My life was filled with all sorts of adventures. I loved being with my students. I was a college professor for many years, teaching literature and writing at universities on the East Coast. I was up for tenure but when I got passed over, I ended up walking away from teaching altogether and coming out to California.

I had some family and friends I stayed with initially, but things didn’t work out with them and eventually I ended up homeless, something I never expected. You’re a college professor. You’re a writer. You have status. And then you’re homeless?

Homelessness is like being hit on the head with a 2×4. That feeling of “what just happened?” is constant. You never know what is going to happen next or what is around the corner; it is absolutely exhausting. The moment I got into my new home I slept for days. My body was so tired of constantly being on guard, and the safety my new home brought me was a feeling I hadn’t had in so long. My body just collapsed.

After three months on the streets, I came to the Loft and they took care of me like I was their auntie or mother. I didn’t know why but they were there for me — physically there for me — and that helped. I knew everyone was just downstairs and I felt secure. I had good healthcare and counseling and I was able to start building up my courage and self-esteem.

When you become housed, that brings its own set of challenges. It is like the culture shock you experience when you come back from a trip abroad. Getting back to housing is so foreign and yet it feels like it should be familiar — even making coffee feels like rocket science, which is so disorienting. I had to relearn so many skills that I lost because priorities shift when you’re living on the streets. Your focus is on the present. Once I had a safe place to lay my head at night, I had to relearn, step by step, basic skills that I hadn’t used in years.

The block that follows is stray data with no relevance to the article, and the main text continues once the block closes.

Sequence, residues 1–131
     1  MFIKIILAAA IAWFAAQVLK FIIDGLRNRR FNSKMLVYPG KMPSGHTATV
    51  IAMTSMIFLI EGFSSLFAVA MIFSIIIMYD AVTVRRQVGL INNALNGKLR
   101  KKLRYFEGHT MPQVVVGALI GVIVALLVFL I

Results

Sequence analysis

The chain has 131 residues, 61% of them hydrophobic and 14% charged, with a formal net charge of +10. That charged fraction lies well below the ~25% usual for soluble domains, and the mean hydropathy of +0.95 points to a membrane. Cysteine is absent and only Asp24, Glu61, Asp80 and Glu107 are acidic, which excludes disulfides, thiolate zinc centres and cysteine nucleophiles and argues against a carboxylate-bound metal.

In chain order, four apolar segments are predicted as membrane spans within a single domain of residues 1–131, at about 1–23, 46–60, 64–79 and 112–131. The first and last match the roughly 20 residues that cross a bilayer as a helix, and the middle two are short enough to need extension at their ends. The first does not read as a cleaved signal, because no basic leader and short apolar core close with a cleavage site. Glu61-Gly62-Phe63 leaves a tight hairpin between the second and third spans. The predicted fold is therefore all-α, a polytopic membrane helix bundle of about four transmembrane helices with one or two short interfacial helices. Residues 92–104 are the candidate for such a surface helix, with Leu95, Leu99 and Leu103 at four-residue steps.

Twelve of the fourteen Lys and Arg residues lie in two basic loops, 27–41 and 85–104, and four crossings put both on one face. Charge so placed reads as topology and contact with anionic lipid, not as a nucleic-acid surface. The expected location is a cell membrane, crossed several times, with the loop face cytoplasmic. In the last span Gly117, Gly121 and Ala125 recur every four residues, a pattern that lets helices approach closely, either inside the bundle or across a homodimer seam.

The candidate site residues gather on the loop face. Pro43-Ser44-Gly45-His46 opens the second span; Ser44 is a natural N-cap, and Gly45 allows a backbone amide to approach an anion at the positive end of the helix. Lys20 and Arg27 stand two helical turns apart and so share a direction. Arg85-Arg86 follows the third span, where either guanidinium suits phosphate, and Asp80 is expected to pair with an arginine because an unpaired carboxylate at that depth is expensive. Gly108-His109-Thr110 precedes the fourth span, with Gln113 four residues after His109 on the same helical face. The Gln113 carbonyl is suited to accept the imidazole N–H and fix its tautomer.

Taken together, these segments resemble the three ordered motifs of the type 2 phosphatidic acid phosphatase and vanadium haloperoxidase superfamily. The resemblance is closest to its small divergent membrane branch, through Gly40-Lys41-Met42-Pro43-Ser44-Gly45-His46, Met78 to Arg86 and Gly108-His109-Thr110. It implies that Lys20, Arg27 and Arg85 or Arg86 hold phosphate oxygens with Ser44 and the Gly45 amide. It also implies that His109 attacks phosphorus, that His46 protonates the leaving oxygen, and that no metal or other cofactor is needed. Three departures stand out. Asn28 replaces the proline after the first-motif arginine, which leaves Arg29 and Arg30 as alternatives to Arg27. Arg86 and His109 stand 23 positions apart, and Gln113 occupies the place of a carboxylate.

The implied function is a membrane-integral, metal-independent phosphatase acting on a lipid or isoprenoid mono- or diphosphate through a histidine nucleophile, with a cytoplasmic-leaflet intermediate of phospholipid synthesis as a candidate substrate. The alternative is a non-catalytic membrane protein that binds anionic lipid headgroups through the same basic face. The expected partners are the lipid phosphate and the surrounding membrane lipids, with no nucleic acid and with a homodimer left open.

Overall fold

When I got to the Loft, for example, I was losing everything. I couldn’t keep track of my phone, my wallet, any of my belongings. It drove me crazy! So, I started there. I worked with my case manager, Cody Kryst, and soon enough I was not losing my belongings as often. Then, I developed a daily schedule, which was something I hadn’t had in years. That consistency allowed me to deal with some of the more difficult steps: healing my wounds and building up my confidence and self-esteem. I finally was able to reconnect with my identities as a woman, a writer, and a successful college professor.

The security of having a place to be safe changed everything for me. I couldn’t have gone from being homeless right into my own place, I would have been back on the street in three months. But because I had a place to land, I had space to heal. And that’s what the Loft was for me; it wasn’t a place where homeless people just sleep and shower. For me, this was a real home, even in its fleeting role in my life.

And now I have a permanent place to call home.

I’m starting to go through my own writing again, seeing what’s in my portfolio and starting some new pieces. A couple of my old students recently found me and asked me if I’d work with them on their scripts. And I was recently invited to join the board of Housing Matters, which I gladly accepted. I’m proud I’ll be able to use my experience of being homeless to give something back.

What I’m really looking forward to is helping more women who are going through what I went through, and letting them know it’s ok to take help. I want to show them when they use all these tools, they’ll start to find themselves again. And once they do that, they can do anything.